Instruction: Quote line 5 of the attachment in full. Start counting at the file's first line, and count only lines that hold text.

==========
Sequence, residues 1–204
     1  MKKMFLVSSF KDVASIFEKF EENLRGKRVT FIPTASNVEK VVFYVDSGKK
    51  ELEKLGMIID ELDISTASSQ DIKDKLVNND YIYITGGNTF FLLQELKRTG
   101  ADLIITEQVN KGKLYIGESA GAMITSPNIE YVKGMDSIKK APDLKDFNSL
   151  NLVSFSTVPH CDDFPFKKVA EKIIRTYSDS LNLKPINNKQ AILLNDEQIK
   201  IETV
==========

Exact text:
   151  NLVSFSTVPH CDDFPFKKVA EKIIRTYSDS LNLKPINNKQ AILLNDEQIK